clock menu more-arrow no yes

Filed under:

Royals Rumblings - News for September 25, 2018

New, comments

Run, Adalberto, run!

If you buy something from an SB Nation link, Vox Media may earn a commission. See our ethics statement.

Kansas City Royals v Detroit Tigers Photo by Duane Burleson/Getty Images

Royals Rumblings - News for September 25, 2018

Jeffrey Flanagan has a mailbox column, and looks at the rotation candidates for next year.

This is the fun part heading into 2019. General manager Dayton Moore always has pointed out that a team needs at least eight or nine viable rotation candidates heading into a season to guard against injury and natural attrition. And the Royals will have that, with more depth heading into Spring Training than they’ve had in recent years.

For argument’s sake, let’s say Danny Duffy, Brad Keller, Jakob Junis and Ian Kennedy are the front four. The fifth spot would be a battle among Heath Fillmyer, Jorge Lopez, Eric Skoglund, Glenn Sparkman, Trevor Oaks and Scott Barlow. And that doesn’t even include any veteran acquisitions or reclamation projects Moore and his scouting staff will add this offseason. Fillmyer, Lopez and Skoglund have proven they can pitch at this level.

Here’s how the rotation will shake out this final week.

Rustin Dodd presents the nine numbers that could shape the Royals’ future.

5.4. In the 50-year history of the Royals, just one shortstop has recorded a five-win season, according to Baseball Reference’s version of the WAR stat. That season belonged to Jay Bell, who posted 5.4 WAR while batting .291 with 21 homers in 1997. In fact, just three men have posted a four-win season and only seven have been worth three wins in a single season.

The list includes Freddie Patek (three times), Rey Sanchez (twice), Greg Gagne, Mike Aviles, Alcides Escobar, UL Washington and Bell. And now, an eighth name could join them.

Despite playing in just 68 games, Adalberto Mondesi entered Sunday having compiled 2.8 WAR. And that was before he finished 2-for-5 with a homer and a double in a 3-2 victory over the Detroit Tigers in the final game of a four-game series.

Lee Judge writes the team is playing better because the youngsters can run.

If other teams are going to field shoddy defenders, the Royals can take advantage of that by forcing those defenders to play the parts of the game that give them trouble.

After a Royals front office executive heard someone say the team had been looking better in September, he asked: “Do you know why? Speed.”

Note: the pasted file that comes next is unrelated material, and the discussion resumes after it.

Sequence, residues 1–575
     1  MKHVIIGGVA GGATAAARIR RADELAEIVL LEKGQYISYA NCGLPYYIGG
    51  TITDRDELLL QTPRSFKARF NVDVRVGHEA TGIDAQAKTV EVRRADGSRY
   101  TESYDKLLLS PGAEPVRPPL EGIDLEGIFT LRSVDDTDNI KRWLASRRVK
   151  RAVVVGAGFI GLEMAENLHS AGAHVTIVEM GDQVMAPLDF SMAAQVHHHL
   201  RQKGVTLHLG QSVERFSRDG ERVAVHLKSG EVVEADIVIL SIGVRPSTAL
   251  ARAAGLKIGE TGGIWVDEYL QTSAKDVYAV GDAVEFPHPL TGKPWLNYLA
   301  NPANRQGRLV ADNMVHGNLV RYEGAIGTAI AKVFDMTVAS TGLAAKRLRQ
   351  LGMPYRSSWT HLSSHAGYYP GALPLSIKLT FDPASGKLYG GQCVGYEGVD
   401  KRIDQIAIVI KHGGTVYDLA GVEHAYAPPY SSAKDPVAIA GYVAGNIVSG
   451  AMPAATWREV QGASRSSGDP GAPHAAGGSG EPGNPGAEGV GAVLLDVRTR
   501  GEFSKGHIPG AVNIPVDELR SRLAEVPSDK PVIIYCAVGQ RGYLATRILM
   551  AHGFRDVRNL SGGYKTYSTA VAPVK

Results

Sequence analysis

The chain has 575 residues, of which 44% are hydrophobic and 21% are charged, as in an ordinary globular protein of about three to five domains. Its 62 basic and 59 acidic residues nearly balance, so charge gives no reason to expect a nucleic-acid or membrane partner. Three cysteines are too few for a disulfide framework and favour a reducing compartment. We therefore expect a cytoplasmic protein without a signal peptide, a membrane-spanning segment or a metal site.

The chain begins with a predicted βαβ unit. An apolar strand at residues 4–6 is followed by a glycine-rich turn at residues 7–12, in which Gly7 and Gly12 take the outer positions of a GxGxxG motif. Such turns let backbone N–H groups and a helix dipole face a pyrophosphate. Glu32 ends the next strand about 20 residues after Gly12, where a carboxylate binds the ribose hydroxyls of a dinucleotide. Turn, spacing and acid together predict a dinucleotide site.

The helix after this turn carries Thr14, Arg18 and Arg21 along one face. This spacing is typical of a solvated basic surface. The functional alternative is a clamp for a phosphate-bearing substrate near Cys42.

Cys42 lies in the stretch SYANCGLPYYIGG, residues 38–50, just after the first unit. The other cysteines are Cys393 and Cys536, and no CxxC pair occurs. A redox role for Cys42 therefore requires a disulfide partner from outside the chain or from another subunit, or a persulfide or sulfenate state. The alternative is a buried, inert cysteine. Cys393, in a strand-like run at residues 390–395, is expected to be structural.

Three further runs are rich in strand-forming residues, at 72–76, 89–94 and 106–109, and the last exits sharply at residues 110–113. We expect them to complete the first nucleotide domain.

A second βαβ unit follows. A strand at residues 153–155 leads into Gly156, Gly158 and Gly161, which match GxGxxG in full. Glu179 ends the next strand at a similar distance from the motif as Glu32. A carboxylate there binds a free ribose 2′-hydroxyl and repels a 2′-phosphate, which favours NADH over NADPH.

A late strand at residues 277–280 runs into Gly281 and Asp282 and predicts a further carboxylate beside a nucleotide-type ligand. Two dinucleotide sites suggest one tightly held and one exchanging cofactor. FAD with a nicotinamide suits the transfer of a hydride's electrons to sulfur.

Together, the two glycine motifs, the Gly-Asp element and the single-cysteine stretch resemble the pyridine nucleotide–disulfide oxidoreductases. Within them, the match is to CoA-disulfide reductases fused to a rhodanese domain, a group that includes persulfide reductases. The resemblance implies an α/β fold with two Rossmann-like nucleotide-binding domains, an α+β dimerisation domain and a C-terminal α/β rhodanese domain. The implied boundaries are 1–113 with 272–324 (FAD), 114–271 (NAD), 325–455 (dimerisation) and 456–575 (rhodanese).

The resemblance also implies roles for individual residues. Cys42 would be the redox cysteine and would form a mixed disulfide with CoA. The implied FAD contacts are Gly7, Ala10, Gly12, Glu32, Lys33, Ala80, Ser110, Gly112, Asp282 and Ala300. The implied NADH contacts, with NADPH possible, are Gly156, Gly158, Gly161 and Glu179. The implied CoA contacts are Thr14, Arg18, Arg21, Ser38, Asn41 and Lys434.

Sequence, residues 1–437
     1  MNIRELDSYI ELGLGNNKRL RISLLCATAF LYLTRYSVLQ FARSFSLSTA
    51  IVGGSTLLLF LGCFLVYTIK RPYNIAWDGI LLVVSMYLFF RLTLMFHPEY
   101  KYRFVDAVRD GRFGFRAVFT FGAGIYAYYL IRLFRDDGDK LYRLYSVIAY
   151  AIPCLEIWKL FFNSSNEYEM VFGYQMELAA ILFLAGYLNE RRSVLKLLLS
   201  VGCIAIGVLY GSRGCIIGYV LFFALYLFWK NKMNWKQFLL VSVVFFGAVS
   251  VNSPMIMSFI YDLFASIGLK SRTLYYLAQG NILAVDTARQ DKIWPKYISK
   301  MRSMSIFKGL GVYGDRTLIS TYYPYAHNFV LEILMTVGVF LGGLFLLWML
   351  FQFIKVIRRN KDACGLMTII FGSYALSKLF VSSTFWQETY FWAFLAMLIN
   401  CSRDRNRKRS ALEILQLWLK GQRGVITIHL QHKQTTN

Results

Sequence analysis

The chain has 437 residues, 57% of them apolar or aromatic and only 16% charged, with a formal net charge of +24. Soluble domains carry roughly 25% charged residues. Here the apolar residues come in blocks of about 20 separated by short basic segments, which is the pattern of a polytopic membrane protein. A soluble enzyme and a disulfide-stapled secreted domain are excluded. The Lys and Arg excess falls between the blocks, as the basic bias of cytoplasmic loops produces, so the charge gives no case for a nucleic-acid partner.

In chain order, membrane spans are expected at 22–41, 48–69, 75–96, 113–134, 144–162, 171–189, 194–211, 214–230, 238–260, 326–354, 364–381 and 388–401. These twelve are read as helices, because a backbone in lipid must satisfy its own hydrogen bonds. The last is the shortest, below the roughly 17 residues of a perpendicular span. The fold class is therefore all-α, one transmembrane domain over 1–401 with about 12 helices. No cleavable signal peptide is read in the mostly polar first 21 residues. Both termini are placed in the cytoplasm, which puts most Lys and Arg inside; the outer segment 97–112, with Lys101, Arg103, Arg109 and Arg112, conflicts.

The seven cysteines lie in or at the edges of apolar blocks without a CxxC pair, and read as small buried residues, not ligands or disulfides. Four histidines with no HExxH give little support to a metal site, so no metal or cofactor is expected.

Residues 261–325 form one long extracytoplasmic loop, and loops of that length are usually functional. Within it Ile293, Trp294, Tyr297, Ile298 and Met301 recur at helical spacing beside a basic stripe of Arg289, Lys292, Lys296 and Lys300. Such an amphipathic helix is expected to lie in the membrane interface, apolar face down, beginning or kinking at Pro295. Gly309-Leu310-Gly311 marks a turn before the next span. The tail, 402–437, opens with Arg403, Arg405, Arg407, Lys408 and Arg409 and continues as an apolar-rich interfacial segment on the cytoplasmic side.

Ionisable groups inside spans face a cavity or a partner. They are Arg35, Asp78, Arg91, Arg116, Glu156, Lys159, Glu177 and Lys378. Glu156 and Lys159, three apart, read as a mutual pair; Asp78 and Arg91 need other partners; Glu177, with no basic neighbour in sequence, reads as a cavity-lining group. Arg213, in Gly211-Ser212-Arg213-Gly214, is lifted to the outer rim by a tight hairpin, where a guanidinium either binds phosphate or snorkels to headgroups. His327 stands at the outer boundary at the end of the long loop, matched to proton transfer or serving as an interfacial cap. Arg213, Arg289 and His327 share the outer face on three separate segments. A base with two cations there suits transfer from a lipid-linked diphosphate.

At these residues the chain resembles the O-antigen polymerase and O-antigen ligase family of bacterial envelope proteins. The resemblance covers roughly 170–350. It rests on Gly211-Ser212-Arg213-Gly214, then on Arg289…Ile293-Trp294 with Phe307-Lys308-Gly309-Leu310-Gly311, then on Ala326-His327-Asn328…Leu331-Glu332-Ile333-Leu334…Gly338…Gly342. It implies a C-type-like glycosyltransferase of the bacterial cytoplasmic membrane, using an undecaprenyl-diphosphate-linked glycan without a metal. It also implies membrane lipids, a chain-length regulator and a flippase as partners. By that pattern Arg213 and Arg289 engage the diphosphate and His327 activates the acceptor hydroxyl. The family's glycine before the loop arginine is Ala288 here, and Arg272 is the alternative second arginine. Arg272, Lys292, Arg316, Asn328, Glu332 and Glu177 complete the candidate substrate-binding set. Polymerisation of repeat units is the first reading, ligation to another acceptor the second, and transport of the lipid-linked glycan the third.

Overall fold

If everybody else is trying to hit home runs and nobody else plays the speed game — stealing bases, bunting for hits, taking extra bases — opposing teams are less prepared to face it.

If everybody else zigs, you might want to zag.

Wesley Lantz at Royals Farm Report profiles prospect Donnie Dewees.

Royals’ first-round pick Brady Singer is in action in the Instructional League in Arizona.

2080 Baseball looks at the state of the Royals’ farm system.

The lack of a surefire top 50 overall prospect–and the fact most of the top players in the system are below Double-A–is what separates Kansas City’s system from the best in the game. That said, the Royals improved their farm system as much as any club in 2018, amassing a very deep group of high-upside talents in the lower rungs of the pipeline. Especially considering their draft position and sizable amateur bonus allotments (domestically and internationally) in 2019, things are looking up at the minor-league level in Kansas City.

Alan Eskew at Baseball America profiles the rise of Royals prospect Arnaldo Hernandez.

What’s at stake in the final week of the season.

How we could get a four-way tie in the National League.

Sheryl Ring at Fangraphs looks at the legality of tanking (with a nice shout out to Royals Review).

The San Francisco Giants may have a front office shuffle this winter.

What is it like to be a player who is perpetually traded?

Tim Dierkes at MLB Trade Rumors tries to calculate WAR.

A Comerica Park employee is arrested after video surfaces of him spitting in a pizza.

Tiger Woods didn’t need a win to validate his comeback, but he got one anyway.

Jon Gruden’s scouting system has led to an organizational divide with the Raiders.

Sirius XM’s purchase of Pandora is the latest sign that tech is taking over the music industry.

How long can the run on marijuana stocks last?

Maniac is the most Netflix-y Netflix show, but in a bad way.

Your song of the day is Chet Faker with Gold.